Trying to look at this controversy objectively has not been easy for me, since I have friends on both sides of this thorny issue. As I try to understand the goals of those who are engaged in these private dialogues, I also find myself being sympathetic to those who are left outside to wonder if unbiblical compromises are being made. There is no denying that comments have been made that tend to fuel those fears. With that said, I offer my brief evaluation for each of the four endorsements.
Dr. Craig Blomberg (Denver Seminary) has been engaged in personal dialogue with LDS academics for several years and co-authored the book How Wide the Divide with BYU Professor Stephen E. Robinson. Blomberg does seem to want to make it clear in his brief statement that what the reader is about to experience in Millet’s book is comprised of the opinions of Robert Millet. As I mentioned previously, this becomes cloudy when you read Paulsen’s comments.
Blomberg does not view the LDS church as a Christian organization. He made this clear in his contribution to the book The New Mormon Challenge where he wrote: “The real problem from an evangelical perspective – or any orthodox Christian perspective – is to find a meaningful way to include Mormonism within Christianity. I cannot, as of this writing, therefore, affirm with integrity that either Mormonism as a whole or any individual, based solely on his or her affirmation of the totality of LDS doctrine, deserves the label ‘Christian’ in any standard or helpful sense of the word” (The New Mormon Challenge, p.331).
David Neff (editor of Christianity Today) offers what I consider to be the most disturbing endorsement when he states that Millet has “given us a gift of clarity” that “lays out a thoroughly Mormon understanding of Jesus-centered salvation.” In reading this, I can’t help but ask, “If this ‘Mormon understanding’ is really ‘Jesus-centered,’ why does the LDS church continue to disfellowship and excommunicate those who insist they are trusting totally in Jesus Christ for their salvation, but who have come to reject Joseph Smith?” These are not people who engage in immoral acts. Their major “sin” is that they have come to the conclusion that Joseph Smith was not a prophet of God. To my knowledge, the LDS church has never renounced the warning given by Tenth LDS President/Prophet Joseph Fielding Smith who said there is “no salvation without accepting Joseph Smith”(Doctrines of Salvation 1:189-190). Does this really sound “Jesus-centered?”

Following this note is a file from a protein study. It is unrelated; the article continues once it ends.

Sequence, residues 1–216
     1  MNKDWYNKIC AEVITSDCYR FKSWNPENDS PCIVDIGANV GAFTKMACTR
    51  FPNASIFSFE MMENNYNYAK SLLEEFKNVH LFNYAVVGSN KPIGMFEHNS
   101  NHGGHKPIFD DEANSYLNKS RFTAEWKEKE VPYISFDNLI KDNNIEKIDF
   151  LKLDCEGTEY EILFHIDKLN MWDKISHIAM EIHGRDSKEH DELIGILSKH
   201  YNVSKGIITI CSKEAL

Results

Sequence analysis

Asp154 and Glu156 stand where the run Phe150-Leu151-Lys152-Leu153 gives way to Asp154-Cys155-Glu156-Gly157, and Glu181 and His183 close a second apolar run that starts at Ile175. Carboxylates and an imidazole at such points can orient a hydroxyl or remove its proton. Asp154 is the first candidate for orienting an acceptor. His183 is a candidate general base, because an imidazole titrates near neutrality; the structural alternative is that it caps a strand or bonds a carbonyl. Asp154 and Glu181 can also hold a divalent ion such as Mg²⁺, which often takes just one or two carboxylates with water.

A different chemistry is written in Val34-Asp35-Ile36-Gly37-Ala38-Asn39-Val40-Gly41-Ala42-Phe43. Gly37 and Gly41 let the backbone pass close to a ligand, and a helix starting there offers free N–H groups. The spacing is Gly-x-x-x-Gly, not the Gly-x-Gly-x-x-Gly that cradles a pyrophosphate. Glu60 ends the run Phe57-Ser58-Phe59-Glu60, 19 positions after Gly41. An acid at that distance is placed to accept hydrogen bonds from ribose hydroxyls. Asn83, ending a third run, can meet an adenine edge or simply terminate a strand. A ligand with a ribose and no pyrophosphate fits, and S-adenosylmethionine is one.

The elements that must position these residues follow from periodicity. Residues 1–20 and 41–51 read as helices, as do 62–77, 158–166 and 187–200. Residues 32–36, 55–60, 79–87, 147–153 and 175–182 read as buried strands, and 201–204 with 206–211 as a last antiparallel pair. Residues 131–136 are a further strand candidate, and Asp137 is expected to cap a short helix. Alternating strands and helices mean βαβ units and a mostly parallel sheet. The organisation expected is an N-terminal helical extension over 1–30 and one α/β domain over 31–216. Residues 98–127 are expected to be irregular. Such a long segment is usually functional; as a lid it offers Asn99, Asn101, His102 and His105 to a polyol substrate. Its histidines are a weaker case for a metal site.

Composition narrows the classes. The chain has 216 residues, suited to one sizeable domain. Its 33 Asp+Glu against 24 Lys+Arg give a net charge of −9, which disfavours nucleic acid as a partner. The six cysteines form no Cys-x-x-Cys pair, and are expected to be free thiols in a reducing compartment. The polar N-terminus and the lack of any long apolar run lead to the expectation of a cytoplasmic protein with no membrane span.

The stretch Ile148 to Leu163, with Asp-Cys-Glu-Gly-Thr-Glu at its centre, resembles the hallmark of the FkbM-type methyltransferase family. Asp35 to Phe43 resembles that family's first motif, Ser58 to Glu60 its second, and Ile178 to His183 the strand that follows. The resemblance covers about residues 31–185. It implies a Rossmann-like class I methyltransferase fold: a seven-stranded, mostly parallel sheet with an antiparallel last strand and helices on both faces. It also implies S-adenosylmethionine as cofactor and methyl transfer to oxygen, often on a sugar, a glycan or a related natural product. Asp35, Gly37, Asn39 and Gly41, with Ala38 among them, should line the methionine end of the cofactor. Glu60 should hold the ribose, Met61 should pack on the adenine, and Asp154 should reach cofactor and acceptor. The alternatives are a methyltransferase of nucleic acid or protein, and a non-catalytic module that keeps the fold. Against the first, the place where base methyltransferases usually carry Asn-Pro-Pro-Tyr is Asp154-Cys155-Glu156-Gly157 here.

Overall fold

Neff goes on to say that Millet “does not at all hide or diminish the fundamental differences in our understandings.” I most strongly disagree. There are many topics discussed in the book where Millet fails to elaborate clearly what LDS leaders have taught.
Craig Hazen (Biola University) has always expressed to me his passion for the Mormon people as well as a love for God’s Word. For this reason, I am puzzled when some Christians portray him as a liberal who has gone to the dark side. Hazen has more than once publicly stated that he does not consider the LDS church to be a Christian church. In fact, in a radio interview with Greg Koukl (Stand to Reason), he went so far as to say: “I actually believe that Mormonism is a tremendous achievement of the devil!”(December 19, 2004, http://www.str.org/).
Hazen firmly sees Mormonism as outside the pale of Christianity, but he is very optimistic that some day the LDS church may very well shed its heretical teachings. At this point, I don’t share that enthusiasm; but I will not fault Hazen’s optimism. Quite candidly, I hope he proves me wrong. Hazen is part of the ongoing dialogue with Mormon scholars; though he wants to keep the dialogue ongoing, he does not see this as something that is open-ended.
Hazen states: “Robert L. Millet has done us all a great service with this book. He communicates contemporary Latter-day Saints thinking on Christology with remarkable clarity and charity.” While I may understand what Hazen is trying to say, unfortunately, many Christians reading this may not be aware that there even is a difference between contemporary Mormonism (unofficial ideas expressed by some of the laity) and the more traditional Mormonism (teachings espoused by LDS leaders). However, because Millet insists that what he espouses in his book has been a part of Mormonism all along, Hazen’s distinction tends to have little meaning for many people.
Because I have spoken to Hazen about his views, when he says on the back cover: “This work sets the stage for a whole new level of robust dialogue between the LDS and evangelical Christian communities,” I don’t at all get the impression that he is looking forward to an ecumenical standoff. Hazen has more than once expressed to me that he truly wants to see Mormons come to an orthodox consensus.